9:40 Coffee Break

10:05 Target Residence Time-Guided Optimization of TTK Kinase Inhibitors

Rogier_BuijsmanRogier C. Buijsman, PhD, Head, Chemistry, Netherlands Translational Research Center B.V. (NTRC)

We studied NTRC 0066-0, a selective inhibitor of TTK, together with eleven TTK inhibitors from different chemical classes developed by others. Parallel testing showed that the cellular activity of the TTK inhibitors correlates with their binding affinity and, more strongly, with target residence time. X-ray structures revealed that the most potent inhibitors induce a unique structural conformation. Based on this insight, new TTK inhibitors were developed with longer target residence times and very potent anti-proliferative activity.

Lonza tagline stacked 10:35 Transforming Kinase Inhibitors into New Lipophilic Salt Forms for Optimized Oral Absorption

Hywel D. Williams, PhD, Principal Scientist, Pharma Sciences, Lonza Pharma & Biotech
Low aqueous solubility continues to feature in kinase inhibitor chemistry, which, to the development scientist, creates the risk of low, variable oral absorption, food-effects and absorption related drug‒drug interactions. In this talk, we will discuss the value of selecting lipophilic salt forms in order to tailor kinase inhibitor properties to a formulation approach that is used to overcome solubility challenges (without altering drug structure). The benefits close working relationships between chemists and formulators in overall drug development is also discussed.

11:05 Determination of a Focused Mini-Kinase Panel for Early Identification of Selective Kinase Inhibitors

Scott_BembenekScott Bembenek, PhD, Principal Scientist, Computer-Aided Drug Discovery, Janssen Research & Development

Currently, a rational, systematic, and unbiased method for choosing such a mini-kinase panel that reliably determines a compound’s kinase selectivity profile does not exist. Using a novel in-house deconvolution algorithm, we performed a comprehensive analysis on our extensive kinase data set that has yielded findings far beyond those in the current literature. Indeed, one can construct a mini-kinase panel of optimal size that is very predictive when compared to the corresponding full kinase panel. Comparing this mini-kinase panel to random selection, we find an enrichment of 45.1%.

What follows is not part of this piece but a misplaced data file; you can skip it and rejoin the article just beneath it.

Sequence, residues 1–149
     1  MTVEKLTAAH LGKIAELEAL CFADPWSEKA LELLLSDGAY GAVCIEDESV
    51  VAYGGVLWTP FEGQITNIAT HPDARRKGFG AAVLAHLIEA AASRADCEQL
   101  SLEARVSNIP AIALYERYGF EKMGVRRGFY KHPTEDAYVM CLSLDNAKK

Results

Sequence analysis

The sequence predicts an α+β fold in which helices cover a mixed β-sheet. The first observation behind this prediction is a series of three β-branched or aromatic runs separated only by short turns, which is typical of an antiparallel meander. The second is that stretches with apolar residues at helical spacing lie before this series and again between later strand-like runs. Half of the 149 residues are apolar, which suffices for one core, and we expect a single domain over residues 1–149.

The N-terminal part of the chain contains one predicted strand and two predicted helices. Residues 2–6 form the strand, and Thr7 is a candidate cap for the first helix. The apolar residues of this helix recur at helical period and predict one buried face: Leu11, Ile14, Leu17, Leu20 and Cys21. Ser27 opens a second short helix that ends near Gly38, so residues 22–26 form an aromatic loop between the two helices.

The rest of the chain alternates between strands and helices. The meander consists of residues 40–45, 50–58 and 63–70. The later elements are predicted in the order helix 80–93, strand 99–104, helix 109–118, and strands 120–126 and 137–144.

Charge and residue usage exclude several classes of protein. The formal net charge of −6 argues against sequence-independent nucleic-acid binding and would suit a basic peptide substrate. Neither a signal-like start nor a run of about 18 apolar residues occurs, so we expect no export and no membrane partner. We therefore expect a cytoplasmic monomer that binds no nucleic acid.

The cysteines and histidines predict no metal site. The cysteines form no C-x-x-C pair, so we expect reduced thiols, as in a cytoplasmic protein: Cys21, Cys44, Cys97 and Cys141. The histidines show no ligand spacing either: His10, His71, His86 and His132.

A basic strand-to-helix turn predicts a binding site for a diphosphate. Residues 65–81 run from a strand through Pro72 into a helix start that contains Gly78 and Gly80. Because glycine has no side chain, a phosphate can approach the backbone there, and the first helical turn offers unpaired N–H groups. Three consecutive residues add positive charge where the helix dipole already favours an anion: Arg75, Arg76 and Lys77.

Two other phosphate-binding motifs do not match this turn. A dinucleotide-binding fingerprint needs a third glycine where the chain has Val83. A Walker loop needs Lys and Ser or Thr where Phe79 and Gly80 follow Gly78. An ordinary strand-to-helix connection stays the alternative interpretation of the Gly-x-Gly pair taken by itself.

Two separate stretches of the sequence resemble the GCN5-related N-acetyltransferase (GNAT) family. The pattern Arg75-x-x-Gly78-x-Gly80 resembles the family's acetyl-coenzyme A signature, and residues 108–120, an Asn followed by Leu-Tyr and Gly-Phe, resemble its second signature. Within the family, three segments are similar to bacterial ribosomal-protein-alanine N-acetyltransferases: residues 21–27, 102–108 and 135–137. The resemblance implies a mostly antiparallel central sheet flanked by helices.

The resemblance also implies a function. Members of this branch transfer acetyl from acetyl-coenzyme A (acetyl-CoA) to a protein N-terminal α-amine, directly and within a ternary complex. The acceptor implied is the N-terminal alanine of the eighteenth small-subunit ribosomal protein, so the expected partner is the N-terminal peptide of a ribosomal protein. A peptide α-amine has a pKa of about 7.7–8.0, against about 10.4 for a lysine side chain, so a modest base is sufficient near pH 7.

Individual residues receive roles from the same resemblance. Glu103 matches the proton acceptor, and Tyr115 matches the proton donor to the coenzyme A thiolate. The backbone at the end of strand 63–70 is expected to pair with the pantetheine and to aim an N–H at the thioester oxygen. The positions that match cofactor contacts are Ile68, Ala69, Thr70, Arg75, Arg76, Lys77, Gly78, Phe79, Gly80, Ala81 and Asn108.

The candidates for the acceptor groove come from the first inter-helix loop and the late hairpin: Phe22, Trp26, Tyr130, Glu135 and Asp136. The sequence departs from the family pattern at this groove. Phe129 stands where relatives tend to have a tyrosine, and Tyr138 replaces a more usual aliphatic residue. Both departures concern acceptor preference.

AssayQuant Technologies 11:35 Luncheon Presentation: CSox-Based Sensors for Continuous, Homogeneous and Quantitative Monitoring of Protein Kinase and Phosphatase Activity

Erik SchaeferErik Schaefer, President & CSO, AssayQuant Technologies

AssayQuant® is combining chelation-enhanced fluorescence, via the sulfonamido-oxine (Sox) chromophore, with high-throughput peptide synthesis methods to identify optimized physiologically-based substrates for measuring the activity of protein kinases and phosphatases. The result is a simple yet powerful method that allows continuous, quantitative and homogenous detection of activity using recombinant enzymes or crude cell or tissue lysates. This approach provides a quantum improvement in assay performance and productivity needed to accelerate discovery and drug development efforts.

12:20 pm Session Break


1:15 Chairperson’s Remarks

Stefan Laufer, PhD, Chairman, Pharmaceutical & Medicinal Chemistry, Pharmacy & Biochemistry, University of Tuebingen

1:20 Presentation I: Design & Development of Highly Selective JAK3 Probes (Janus Kinase 3): Exploring the Arginine-Pocket

Stefan_LauferStefan Laufer, PhD, Chairman, Pharmaceutical & Medicinal Chemistry, Pharmacy & Biochemistry, University of Tuebingen

Covalent Inhibitors belong to the oldest and most successful drugs. Prominent examples are e.g. Acetylsaliclic Acid, ß-Lactone Antibiotics or Gastric Proton Pump Inhibitors. A major breakthrew in cancer therapy of the last decades was targeted therapy with protein kinase inhibitors. Still unmet needs in this field are target residence time, selectivity and rapid development of target kinase mutations. A very seminal approach to address these issues was described 2013 by Liu et al. “Targeting the Cysteinome“: We applied this strategy to unsolved problems in the field of JAK3, JNKs and mutant EGFR kinases. JAK3 signaling is a key driver in the development of lymphoid cells and modulation of immune response. Due to its isolated expression in lymphocytes a selective JAK3 inhibitions is considered to be a promising strategy for the development of new immunosuppressant drugs. Via a covalent-reversible inhibition approach we were able to develop new highly potent JAK3 inhibitors with high isoform specificity as well as an outstanding kinome wide selectivity. A novel binding mode was observed in the x-ray structure.